25 September, 2019
When the pancreas glows briefly
A 6-year-old, male mixed breed dog was presented for progressive lethargy and a recent syncope. The most significant blood work finding was hypoglycemia.
A small 6 mm nodule is seen within the caudal aspect of the right pancreatic lobe with evidence of an „early-wash-in and early-wash-out” enhancement pattern. This nodule is most conspicuous in the arterial phase after intravenous contrast administration and subsequently shows the same enhancement characteristics as the remaining pancreatic parenchyma. A small tortuous vessel is evident entering the pancreas from the periphery, likely representing a tumor feeding vessel.
Given the clinical presentation and laboratory workup results, an insulinoma (canine pancreatic neuroendocrine tumor) is the most likely differential diagnosis.
- Given the small size and poor distinction form the surrounding pancreatic tissue, CT- Angiography has been the most valuable diagnostic imaging tool in diagnosing canine pancreatic neuroendorine tumors. In addition, insulinomas are hypervascular carcinomas deriving from the pancreatic islet cells with marked enhancement during the arterial phase, contrasting the surrounding, mildly enhancing pancreatic tissue.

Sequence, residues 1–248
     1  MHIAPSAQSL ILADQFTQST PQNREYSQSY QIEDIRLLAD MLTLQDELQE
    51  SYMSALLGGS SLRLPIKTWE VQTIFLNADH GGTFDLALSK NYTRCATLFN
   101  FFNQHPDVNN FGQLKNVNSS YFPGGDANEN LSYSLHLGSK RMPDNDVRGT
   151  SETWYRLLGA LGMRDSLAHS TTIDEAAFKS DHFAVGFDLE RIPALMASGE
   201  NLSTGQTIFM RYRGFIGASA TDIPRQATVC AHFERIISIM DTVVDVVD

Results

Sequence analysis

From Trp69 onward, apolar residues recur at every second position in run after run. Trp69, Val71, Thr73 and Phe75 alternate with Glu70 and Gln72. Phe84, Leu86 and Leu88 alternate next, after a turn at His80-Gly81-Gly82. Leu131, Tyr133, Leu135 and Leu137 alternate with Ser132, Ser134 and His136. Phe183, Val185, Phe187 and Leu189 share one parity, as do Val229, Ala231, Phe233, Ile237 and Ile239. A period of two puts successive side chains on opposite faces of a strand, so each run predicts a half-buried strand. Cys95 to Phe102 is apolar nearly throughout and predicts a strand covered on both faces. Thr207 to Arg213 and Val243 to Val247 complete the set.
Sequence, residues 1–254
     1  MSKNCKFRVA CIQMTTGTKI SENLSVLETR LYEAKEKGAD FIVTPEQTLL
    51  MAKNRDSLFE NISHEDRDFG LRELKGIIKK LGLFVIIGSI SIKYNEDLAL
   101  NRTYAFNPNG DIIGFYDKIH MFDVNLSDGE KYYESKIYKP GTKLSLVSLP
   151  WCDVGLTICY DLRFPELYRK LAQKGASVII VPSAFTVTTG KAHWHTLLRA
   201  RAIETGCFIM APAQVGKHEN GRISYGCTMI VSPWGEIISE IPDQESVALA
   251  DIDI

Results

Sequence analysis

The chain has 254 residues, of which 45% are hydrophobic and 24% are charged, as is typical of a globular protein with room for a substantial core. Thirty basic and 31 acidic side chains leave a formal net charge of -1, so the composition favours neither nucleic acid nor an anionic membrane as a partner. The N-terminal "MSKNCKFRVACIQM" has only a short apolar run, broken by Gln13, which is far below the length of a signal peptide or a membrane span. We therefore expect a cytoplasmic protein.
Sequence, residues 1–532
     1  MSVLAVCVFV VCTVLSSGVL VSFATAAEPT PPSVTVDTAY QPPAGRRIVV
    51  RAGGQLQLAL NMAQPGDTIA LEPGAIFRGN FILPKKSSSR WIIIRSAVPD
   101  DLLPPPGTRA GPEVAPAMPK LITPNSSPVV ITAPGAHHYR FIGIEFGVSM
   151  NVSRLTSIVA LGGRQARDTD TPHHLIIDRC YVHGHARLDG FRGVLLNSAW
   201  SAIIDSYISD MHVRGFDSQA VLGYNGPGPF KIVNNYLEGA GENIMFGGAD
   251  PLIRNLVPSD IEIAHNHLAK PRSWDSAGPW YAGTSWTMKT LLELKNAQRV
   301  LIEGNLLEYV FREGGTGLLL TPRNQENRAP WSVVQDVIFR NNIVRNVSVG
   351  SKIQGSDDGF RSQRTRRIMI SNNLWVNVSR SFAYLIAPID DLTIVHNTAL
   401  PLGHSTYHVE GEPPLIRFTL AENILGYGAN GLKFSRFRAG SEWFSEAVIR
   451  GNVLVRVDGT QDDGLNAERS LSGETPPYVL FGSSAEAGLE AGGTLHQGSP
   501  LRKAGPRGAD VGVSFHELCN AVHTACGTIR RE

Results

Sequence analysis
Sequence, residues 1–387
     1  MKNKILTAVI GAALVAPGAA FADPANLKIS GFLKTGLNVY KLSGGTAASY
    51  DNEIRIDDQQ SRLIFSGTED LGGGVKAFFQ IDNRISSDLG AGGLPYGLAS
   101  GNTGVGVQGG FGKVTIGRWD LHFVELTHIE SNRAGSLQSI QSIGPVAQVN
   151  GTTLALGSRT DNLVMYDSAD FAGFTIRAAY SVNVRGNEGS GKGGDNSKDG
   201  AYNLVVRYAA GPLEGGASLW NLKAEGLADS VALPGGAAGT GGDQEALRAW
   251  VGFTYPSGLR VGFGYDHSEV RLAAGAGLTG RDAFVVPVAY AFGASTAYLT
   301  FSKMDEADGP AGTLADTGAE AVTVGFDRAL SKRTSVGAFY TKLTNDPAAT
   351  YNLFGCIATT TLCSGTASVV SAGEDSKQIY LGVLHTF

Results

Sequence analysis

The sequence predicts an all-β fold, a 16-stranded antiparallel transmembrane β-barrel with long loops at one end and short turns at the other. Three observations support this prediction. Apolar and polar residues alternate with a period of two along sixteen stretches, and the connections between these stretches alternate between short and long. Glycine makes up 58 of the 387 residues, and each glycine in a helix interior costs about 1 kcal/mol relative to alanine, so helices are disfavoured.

- Delayed imaging may render insulinomas invisible against the surrounding tissue
- It is of outmost importance to catch an early phase of perfusion whenever insulinoma is a potential
- “Utility of contrast-enhanced computed tomography in the evaluation of canine insulinoma location” Vet Q. 2018 Dec; 38(1):53-62
- “Characterization of triple-phase computed tomography in dogs with pancreatic insulinoma” J Vet Med Sci. 2016;77(12):1549-53
- “Dynamic Computed Tomography of the pancreas in normal dogs and in a dog with pancreatic insulinoma” Vet Radiol Ultrasound 2007 Jul-Aug;48(4):328-31
Images courtesy of Tierklinik Haar
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